Still, the concept was a good one. Jay, a lifelong card player, suggested a better way of making the game might be to treat it as a card game platform, where inside an elegant pack you could take anywhere, you had a variety of games you could play. And keeping the deck minimal had the additional benefit of keeping the cost affordable for pretty much anyone. The idea for the final product was born, but it still took several more months to refine the game to a polished point ready for the Kickstarter audience.
We are very proud of Wordwright. It's a great product that is fun and educational for those still learning the language, and is rich and thought provoking to those familiar with it. The ability to make hundreds of common words across unique mechanics allows a level playing field between word game aficionados and those that usually don't enjoy the genre.
With a lot of game variations, Wordwright becomes infinitely replayable. We've played the games more times than any sane person might want to in the past few months, and they continue to be engaging, enjoyable and challenging. We still spot new moves in games we've played a hundred times, and continue to think up new games to play with these cards. When you get your copy, you'll see how versatile these cards are. In our most idealistic dreams, we hope Wordwright can be the Legos or Minecraft of word building.
Our big goal with this Kickstarter is: Get Wordwright into the hands of as many people as possible. Our ways of tackling that are:
- Make the best product we can
- Make it at an affordable cost
- Create a conservative goal
- Provide opportunities to the Kickstarter community to sponsor games for educators and organizations to benefit disadvantaged people
We've done our part -- we've invested a lot of our own money, and countless hours of our time to get Wordwright where it is. If you like what you've seen, please back our Kickstarter. And please let others know, too.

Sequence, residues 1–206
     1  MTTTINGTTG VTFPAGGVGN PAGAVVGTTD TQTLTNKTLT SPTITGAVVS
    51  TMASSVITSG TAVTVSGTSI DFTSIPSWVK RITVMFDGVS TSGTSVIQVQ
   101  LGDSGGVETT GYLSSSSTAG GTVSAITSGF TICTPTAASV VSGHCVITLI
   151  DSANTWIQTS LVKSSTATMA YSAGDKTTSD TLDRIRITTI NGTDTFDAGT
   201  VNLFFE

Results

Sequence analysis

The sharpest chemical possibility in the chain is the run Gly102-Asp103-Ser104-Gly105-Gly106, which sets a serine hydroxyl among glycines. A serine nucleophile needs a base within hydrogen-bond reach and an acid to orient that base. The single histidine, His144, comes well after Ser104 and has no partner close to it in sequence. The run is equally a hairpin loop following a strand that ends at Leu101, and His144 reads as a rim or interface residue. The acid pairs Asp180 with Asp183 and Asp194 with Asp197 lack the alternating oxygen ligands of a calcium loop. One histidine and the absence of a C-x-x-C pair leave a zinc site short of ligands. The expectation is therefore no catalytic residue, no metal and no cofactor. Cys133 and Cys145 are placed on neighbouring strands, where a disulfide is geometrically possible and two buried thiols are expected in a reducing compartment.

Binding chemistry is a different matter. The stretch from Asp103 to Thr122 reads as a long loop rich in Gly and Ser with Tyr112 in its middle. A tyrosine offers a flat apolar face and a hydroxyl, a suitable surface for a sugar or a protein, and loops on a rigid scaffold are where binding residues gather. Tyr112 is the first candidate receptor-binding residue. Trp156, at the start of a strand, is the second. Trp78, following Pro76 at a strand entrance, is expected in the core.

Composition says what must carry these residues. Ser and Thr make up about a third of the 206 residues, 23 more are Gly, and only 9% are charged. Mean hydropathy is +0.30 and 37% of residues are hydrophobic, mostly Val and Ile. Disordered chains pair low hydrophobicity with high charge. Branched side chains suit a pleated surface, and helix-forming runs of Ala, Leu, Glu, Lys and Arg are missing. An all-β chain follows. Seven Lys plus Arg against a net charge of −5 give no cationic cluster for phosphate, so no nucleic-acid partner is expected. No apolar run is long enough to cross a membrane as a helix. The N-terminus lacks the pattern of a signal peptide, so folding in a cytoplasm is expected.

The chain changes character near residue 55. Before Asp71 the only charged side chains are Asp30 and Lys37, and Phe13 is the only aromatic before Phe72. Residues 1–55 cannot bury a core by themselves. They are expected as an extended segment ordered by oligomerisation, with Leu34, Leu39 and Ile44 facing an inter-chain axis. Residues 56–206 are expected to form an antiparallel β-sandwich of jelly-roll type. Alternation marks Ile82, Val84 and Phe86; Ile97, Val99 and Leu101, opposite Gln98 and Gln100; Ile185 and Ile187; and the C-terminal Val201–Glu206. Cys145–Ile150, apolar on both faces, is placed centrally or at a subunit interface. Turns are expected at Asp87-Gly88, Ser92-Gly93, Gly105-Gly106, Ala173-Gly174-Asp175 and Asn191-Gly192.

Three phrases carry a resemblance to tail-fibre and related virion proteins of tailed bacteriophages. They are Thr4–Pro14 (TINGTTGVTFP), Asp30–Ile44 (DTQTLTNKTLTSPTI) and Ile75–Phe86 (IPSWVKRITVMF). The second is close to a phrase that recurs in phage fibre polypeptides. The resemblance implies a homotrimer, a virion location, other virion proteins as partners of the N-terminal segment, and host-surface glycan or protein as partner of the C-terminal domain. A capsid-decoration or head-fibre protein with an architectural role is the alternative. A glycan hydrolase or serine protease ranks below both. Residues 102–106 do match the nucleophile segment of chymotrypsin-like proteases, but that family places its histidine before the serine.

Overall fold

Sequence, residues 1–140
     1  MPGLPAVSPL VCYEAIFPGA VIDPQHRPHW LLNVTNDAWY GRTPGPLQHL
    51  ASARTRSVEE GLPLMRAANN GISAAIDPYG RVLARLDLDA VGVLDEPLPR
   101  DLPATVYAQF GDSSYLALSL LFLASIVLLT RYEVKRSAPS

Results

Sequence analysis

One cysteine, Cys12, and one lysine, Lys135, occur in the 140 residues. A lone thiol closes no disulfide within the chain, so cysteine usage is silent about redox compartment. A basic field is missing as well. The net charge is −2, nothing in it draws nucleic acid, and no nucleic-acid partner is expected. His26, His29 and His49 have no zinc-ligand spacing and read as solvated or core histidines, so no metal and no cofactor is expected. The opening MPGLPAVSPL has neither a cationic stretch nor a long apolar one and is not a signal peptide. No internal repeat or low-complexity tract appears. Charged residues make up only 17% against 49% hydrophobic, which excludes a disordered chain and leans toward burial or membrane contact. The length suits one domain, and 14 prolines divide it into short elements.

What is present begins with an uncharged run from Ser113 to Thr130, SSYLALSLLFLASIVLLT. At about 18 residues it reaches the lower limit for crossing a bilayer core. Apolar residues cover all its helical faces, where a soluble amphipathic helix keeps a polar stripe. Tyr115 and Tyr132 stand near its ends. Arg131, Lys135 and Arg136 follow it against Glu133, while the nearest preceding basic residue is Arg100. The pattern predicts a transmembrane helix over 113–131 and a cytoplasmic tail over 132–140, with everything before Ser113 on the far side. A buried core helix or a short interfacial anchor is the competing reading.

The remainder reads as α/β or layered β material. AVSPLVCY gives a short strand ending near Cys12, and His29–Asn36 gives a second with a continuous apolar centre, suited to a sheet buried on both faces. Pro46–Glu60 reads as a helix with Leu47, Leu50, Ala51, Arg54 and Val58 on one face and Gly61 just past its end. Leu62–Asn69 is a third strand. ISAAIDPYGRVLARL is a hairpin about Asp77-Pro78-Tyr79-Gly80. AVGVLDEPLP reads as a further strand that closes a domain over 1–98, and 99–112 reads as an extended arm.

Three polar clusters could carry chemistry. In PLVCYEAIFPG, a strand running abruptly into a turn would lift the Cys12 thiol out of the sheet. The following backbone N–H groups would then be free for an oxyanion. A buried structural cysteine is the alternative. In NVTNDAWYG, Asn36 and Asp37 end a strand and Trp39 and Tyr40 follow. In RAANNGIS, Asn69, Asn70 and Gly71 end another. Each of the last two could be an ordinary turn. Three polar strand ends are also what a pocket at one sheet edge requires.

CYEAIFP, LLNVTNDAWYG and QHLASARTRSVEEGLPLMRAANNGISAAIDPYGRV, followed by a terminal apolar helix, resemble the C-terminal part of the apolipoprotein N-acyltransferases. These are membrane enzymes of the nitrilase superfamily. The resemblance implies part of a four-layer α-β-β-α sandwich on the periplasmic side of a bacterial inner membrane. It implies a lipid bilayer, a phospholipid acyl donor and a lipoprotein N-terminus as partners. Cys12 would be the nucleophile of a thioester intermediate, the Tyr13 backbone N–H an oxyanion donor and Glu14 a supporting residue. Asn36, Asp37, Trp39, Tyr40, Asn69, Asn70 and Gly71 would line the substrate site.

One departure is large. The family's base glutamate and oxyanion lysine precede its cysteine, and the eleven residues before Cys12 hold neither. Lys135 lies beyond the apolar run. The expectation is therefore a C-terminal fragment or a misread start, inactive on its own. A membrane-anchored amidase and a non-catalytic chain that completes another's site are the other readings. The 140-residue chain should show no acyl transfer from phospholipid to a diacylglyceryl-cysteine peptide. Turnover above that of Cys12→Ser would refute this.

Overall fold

Risks and challenges
This is our first Kickstarter – that’s a challenge in and of itself, but we have confidence that we are prepared. We have a simple-to-manufacture product with calculated costs. Our design is complete, minus swapping in some art based on how the campaign develops. We have had a promotional version run from our manufacturer (who has been in the card printing business for decades), and we were very happy with both the quality of the cards, and the speed of production and delivery.
That being said, there are still a few potential risks:
1) Manufacturing issues. If somehow our manufacturer fails us, we will address it straight-away to ensure that we get a quality product to our backers as soon as possible.
2) Shipping delays. The level of success for this campaign is an unknown. If Wordwright becomes wildly successful with a large number of backers, fulfilling all order at the same time could become an issue. We will communicate that to our backers as soon as we realize it's a possibility. However, we are confident we can work with partners to ensure that all backers receive their rewards in a timely fashion.
3) The unknown. Again, this is our first Kickstarter, but our goal is for this to be the first of many. We want to make sure to leave a good first impression. We will do everything in our power to ensure that, addressing any issues as they arise.Learn about accountability on Kickstarter